No Blessing: A plea to LDS leaders regarding single members in the Church

Single
“Single” by Anderson Honeydew/Wikimedia Commons

First, a caveat: I don’t mean to come off as whiny or overdramatic in this entry. I know this is a first-world problem. I know life could be so much worse than it actually is for me and those in my relationship category. However, those other, ‘worse’ problems are not mine/ours. I can only speak for what I know, and this is the biggest cross I’ve been called to bear to this point in my life. Despairing your future, no matter what circumstances bring on such feelings, is a terrible situation in which to find oneself. That having been said, read on…

I read a spot-on post over at Wheat & Tares a few weeks ago. One of the points made in that entry is something I’ve been thinking about ever since…something I feel has such truth to it, but which I’ve never really thought of in this way:

“My wife recently told me that she feels like there are two classes of people in the church: one class for whom the program works (couples happily married with children), and another class for whom the program has not worked (singles, gays, infertile couples, divorcees). Members in the first class dominate leadership positions and it from them that we hear the gospel preached. These leaders are sensitive to the fact that many have not been blessed with family and children and they take great pains to remind us that “no blessing will be withheld from us” in the next life if we are faithful. Unfortunately this phrase is cold comfort to many struggling to find their place in a family-idoli[z]ing church. Human nature craves validation and fulfilment now, not after death.”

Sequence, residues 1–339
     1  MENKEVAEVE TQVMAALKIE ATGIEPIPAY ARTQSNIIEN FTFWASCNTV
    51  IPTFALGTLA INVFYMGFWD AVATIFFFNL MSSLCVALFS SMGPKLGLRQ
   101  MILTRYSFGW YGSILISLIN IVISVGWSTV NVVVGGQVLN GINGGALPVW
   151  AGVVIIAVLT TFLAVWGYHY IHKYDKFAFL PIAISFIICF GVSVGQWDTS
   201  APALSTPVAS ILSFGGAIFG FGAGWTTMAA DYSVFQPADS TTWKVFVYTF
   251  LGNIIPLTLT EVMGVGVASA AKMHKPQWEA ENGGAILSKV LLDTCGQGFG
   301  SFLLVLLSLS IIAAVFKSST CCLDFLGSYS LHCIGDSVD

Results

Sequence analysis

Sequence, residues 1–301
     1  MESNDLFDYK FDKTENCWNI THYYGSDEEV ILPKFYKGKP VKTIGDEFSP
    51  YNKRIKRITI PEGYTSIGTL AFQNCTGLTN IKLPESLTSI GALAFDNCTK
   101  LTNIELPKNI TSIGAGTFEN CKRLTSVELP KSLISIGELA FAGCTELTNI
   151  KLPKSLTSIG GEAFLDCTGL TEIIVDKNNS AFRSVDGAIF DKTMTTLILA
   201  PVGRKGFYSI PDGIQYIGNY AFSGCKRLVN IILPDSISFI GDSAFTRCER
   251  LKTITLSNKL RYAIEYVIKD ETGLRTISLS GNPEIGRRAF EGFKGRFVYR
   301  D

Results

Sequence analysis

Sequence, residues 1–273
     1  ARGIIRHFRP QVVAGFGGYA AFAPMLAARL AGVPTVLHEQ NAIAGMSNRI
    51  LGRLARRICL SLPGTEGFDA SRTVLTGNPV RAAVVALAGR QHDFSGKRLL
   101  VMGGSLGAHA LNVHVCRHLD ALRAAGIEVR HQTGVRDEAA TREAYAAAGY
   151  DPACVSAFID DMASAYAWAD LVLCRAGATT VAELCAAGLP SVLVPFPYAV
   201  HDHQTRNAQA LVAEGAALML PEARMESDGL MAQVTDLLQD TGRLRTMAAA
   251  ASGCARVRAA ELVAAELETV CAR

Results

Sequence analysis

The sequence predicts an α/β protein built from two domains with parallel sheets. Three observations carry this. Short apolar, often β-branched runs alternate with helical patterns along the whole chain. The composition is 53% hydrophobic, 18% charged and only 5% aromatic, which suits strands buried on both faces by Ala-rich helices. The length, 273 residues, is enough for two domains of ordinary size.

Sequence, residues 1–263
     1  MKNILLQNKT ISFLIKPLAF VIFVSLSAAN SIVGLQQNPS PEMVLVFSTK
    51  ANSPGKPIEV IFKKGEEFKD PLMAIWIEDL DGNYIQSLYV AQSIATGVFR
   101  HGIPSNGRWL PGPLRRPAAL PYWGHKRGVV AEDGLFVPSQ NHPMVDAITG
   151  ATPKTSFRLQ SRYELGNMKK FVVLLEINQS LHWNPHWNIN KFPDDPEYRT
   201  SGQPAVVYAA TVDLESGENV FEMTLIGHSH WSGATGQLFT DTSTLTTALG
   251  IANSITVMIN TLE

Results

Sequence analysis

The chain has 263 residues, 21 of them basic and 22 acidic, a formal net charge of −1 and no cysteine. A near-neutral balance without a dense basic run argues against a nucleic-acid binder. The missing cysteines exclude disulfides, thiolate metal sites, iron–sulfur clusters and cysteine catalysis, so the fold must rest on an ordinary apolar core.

Oh Lord how I hate the “no blessing will be denied/withheld/whatever” statement! I doubt any freethinking single LDS woman (or man) likes it or feels particularly comforted by such a thought. Human nature craves validation and fulfillment now, not after death. Why is this such a hard concept for our leaders to grasp? Truthfully, the only people who can find this concept comforting are those who do not have to face up to it every day (i.e. those who are married and probably have been for at least a decade or four). When you are 33 years old, as I am, and have a good shot at at least another 50 years on earth (my grandma is 101—the genes are there), the expectation that you are going to endure alone each day of all of those years and somehow still find a way to maintain a faith in God sufficient to spend the life after this in His presence is, well, daunting to put it mildly. I love Bonnie Oscarson, but when she used “no blessing” in her talk in General Women’s Meeting back in March, I wanted to reach through the TV and shake not her hand but her whole body. Have they ever stopped to think about the real-life implications of what they’re saying? I have my doubts, and to that end, I guess I am here to try and provide a wake-up call and some firsthand advice to Church leaders regarding how to approach and treat the single members in their wards, stakes, and the Church generally, whichever level of stewardship applies.